This project has moved. For the latest updates, please go here.

Helpers for Login/Logout

Getting login/logout right in an application can be tricky. AgFx provides some helpers here.

This stuff is in AgFx.Controls.Authentication in the AgFx.Controls assembly.

PhoneApplicationFrameEx for showing Login UI

PhoneApplicationFrameEx provides a "PopupContent" property which, which the "IsPopupVisible" property is set to true, will obscure the other UI for the app. So this is a handy place to stick some login UI.

In your app.xaml.cs, replace all references to PhoneApplicationFrame with PhoneApplicationFrameEx.

Then, add this code:

RootFrame.PopupContent = new LoginControl();          
Binding b = new Binding("IsLoggedIn");
b.Source = MyLoginModel.Current;
b.Converter = new NotConverter();
RootFrame.SetBinding(PhoneApplicationFrameEx.IsPopupVisibleProperty, b);

What this says is "Bind the NOT of the current login state to the IsPopupVisible property of the frame".  In other words, when the user is logged in, hide the login UI.  And vice versa.

 

LoginLoadContext lets you specify credentials

Next, we'll need a way to specify credentials.  LoginLoadContext has, by default a Login and a Password property.  Whatever your site/service uses for a login id (email, username, etc), use that here.  You can derive from LoginLoadContext if you need to specify other information, or if you want to call it something else.  

It also has a "CanAttemptLogin" property that can be overriden.  By default, it returns false if Password is null.  This prevents a load request from happening.

LoginModel holds and caches the token

Now we get to the good stuff.  For all of this to work, we need to create our own LoginModel class.  Typically you'll want to put things on here like the current user ID or name.  

You also need to specify a static "Current" property, this is important.

Something like this:

 

public class MyLoginModel : LoginModel {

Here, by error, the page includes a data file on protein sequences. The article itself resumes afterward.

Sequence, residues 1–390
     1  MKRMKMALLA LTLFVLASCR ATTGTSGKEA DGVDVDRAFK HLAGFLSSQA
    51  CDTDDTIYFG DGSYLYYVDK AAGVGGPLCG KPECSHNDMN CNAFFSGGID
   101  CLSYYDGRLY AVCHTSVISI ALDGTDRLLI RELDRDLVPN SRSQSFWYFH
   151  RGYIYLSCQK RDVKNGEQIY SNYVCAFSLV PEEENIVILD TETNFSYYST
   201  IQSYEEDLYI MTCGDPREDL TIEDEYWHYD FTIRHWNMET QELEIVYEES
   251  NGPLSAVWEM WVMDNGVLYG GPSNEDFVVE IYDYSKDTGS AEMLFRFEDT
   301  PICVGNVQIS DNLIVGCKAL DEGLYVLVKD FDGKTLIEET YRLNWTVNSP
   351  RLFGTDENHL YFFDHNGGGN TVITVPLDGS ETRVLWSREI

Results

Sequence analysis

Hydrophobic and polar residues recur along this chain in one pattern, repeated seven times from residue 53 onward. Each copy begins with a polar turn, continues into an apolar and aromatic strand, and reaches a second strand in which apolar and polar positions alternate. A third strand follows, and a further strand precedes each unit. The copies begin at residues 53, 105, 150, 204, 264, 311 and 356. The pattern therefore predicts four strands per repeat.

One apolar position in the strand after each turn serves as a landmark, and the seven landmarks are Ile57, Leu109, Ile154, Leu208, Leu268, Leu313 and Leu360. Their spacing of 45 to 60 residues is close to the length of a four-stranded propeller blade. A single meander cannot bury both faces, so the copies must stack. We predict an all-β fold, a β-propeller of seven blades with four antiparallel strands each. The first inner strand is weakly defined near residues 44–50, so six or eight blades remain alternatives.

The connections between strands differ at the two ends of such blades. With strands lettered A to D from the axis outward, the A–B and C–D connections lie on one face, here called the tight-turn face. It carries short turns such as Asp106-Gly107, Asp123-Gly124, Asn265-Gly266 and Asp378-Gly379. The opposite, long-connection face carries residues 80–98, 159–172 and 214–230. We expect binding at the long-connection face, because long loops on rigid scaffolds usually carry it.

public static MyLoginModel Current {
            get {
                return GetCurrentLoginModel<MyLoginModel, LoginLoadContext>();
            }
        }

        private string _userId;
        public string UserId {
            get {
                return _userId;
            }
            set {
                if (_userId != value) {
                    _userId = value;
                    RaisePropertyChanged("UserId");
                }
            }
        }
}

 

 

LoginDataLoader fetches the response

Now, like with all models we need to create our loader.  This one only will load if the LoginLoadContext.CanAttemptLogin returns true.

The code is also straight forward, like this:

 public class MyLoginModel : LoginModel {

       ///  snip...
       
        public class MyLoginLoader : LoginDataLoader<LoginLoadContext> {

            // This will only be called if my LoginLoadContext.CanAttemptLogin property is true.
            protected override AgFx.LoadRequest BuildLoginRequest(LoginLoadContext context) {
                Uri uri = new Uri(String.Format("https://www.myservice.com/login?username={0}&password={1}", context.Login, context.Password));
                return new WebLoadRequest(context, uri);
            }

            public override object Deserialize(LoginLoadContext loadContext, Type objectType, System.IO.Stream stream) {

                var loginMessage = MyServiceHelpers.ParseLoginResponse(stream);

                MyLoginModel model = new MyLoginModel();
                model.LoadContext = loadContext;
                model.Token = loginMessage.Token;
                model.UserId = loginMessage.UserId;
                return model;
            }
        }

    }

Using info about the login in your application

Now, back to why we have Current.  It's because we now have a very handy way to get the info we need to make other calls with MyLoginModel.Current.Token and MyLoginModel.Current.UserId.

Last edited Apr 2, 2011 at 1:02 AM by shawnburke, version 1

Comments

No comments yet.